All oil and gas reservoirs have water associated with them. Since it is a common part of the system, we will need to discuss how it is stored and moves in the reservoir.

### Water Formation Volume Factor, B_{w}

The water (or more correctly, the brine) *Formation Volume Factor*, B_{w}, (sometimes referred to as the FVF) is a pressure and temperature dependent property that relates the volume of 1.0 stock tank barrel, STB, of water to its volume in barrels, bbl, at another pressure. It has the units of bbls/STB. We have already discussed the use of the stock tank pressure and temperature as an oilfield reference system.

By definition, if we had 1.0 STB of water at p_{ST} and T_{ST}, and that same STB occupied 1.02 bbls at reservoir conditions, p_{r} and T_{r}, then it would have a formation volume factor of:

$${B}_{w}\left({p}_{r},{T}_{r}\right)=\frac{{V}_{w\text{}r}\text{}bbl}{{V}_{w\text{}ST}\text{}STB}=\frac{1.02\text{bbl}}{1.00\text{}STB}=1.02\text{}bbl/STB$$

We can also define the formation volume factor in terms of densities at stock tank conditions and at reservoir conditions. If we assume the mass of 1.0 STB, m_{1} _{STB}, then at reservoir conditions, we would have:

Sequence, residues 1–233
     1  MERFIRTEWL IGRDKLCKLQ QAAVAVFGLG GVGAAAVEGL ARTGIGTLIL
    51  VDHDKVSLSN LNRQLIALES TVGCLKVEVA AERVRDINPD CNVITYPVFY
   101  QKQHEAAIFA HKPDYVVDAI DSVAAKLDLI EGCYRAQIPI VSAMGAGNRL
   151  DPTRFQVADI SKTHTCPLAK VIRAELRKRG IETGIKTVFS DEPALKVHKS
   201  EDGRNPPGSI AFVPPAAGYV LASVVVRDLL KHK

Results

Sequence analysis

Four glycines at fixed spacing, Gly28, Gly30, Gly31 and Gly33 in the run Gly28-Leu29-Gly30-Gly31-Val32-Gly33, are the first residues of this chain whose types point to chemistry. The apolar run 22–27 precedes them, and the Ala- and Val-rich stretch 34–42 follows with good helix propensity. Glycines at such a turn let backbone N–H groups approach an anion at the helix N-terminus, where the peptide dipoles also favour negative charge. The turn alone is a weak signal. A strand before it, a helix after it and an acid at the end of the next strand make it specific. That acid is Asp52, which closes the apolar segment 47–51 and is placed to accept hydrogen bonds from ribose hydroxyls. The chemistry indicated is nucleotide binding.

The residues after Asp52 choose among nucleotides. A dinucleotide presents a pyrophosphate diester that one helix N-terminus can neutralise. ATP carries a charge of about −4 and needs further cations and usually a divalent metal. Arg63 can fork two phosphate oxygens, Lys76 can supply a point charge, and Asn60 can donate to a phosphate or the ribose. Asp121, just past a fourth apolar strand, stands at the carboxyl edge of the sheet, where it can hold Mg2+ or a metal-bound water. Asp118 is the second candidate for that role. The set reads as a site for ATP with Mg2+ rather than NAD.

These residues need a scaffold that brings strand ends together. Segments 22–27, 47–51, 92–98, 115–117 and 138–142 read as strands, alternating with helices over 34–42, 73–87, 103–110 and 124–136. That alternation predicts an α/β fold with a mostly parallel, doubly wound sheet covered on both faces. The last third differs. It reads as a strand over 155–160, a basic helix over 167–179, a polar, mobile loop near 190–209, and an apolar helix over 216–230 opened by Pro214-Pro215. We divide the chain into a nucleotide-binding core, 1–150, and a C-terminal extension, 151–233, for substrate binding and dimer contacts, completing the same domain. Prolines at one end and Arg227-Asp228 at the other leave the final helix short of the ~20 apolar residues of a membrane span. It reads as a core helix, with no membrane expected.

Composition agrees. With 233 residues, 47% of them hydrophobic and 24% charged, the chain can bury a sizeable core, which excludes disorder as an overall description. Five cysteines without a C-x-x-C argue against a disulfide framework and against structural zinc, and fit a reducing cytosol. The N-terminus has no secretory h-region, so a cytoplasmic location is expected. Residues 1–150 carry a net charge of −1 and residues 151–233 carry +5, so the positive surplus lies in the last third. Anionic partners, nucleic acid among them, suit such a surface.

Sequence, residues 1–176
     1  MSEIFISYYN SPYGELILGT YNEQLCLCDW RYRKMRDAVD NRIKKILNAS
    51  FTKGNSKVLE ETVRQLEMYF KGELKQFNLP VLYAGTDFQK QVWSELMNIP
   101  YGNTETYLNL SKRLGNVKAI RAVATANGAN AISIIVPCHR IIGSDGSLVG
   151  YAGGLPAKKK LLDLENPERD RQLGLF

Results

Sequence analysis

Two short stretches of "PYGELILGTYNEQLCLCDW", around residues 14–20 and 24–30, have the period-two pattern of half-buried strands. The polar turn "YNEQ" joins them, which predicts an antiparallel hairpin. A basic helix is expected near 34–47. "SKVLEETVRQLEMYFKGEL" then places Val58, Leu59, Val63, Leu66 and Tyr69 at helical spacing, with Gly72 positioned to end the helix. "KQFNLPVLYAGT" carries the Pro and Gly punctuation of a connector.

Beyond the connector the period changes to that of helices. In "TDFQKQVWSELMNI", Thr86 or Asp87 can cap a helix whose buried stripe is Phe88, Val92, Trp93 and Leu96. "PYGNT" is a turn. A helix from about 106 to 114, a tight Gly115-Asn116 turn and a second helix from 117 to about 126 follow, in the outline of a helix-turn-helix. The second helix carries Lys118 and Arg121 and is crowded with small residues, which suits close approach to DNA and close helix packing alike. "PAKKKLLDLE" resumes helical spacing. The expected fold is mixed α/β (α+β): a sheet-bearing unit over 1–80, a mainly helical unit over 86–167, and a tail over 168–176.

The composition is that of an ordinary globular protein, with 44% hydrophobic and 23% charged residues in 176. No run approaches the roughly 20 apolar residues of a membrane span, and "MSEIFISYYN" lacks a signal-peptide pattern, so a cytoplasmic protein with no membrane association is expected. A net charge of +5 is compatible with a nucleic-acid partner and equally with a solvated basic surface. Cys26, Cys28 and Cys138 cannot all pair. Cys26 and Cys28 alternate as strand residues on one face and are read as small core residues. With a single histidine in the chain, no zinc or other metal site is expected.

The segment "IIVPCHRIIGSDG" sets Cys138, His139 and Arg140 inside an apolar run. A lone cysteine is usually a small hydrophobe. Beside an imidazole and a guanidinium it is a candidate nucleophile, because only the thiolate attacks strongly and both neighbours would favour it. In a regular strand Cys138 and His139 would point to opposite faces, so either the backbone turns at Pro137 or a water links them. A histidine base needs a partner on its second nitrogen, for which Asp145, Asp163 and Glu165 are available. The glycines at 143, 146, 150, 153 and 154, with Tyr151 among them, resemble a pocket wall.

which implies:

Water Isothermal Compressibility, c_{w}

Water is considered to be a slightly compressible liquid with a very low value of compressibility. From **Equation 3.26** we have:

One correlation for water compressibility^{[5]} , c_{w}, is:

Where:

- p is the pressure, psi
- C is the salt concentration, gm/L
- T is temperature, °F

We can develop an explicit formula for the water formation volume factor based on the water compressibility. If we take 1.0 STB of water and its volume in barrels at a reservoir pressure and temperature, then we would have: V_{w} (bbl) = B_{w} (p_{r}, T_{r}) (bbl/STB) x 1.0 STB. Now,

or,

Water Viscosity, μ_{w}

In the laboratory, the water viscosity is measured with an apparatus called a Viscometer. The mechanics and test procedures for a viscometer are beyond the scope of this course, and we will work with known correlations. One correlation from McCain has the form:

with

and

where

- μ
_{w}_{14.7}_{psi}is the water viscosity at 14.7 psi and temperature, T °F - S is the salt concentration in weight percent, Wt% (note different unit from
**Equation 3.31**)

Once the viscosity at 14.7 psi and T °F are determined, the water viscosity at other pressures can be determined from:

Water Density, ρ_{w}

The density of water is also a property of interest in petroleum engineering. McCain^{[6]} provides the following correlation for estimating the water density at reference conditions:

where

- ρ
_{w}_{ST}is the water density at sock tank conditions, lb/ft^{3} - S is the salt concentration in weight percent, Wt%

The water density at reservoir conditions can then be calculated using **Equation 3.29**.

^{}[5]^{ }Petro Wiki: Produced water compressibility

^{}[6] McCain, W.D. Jr.: McCain, W.D. Jr. 1990. The Properties of Petroleum Fluids, second edition. Tulsa, Oklahoma: PennWell Books.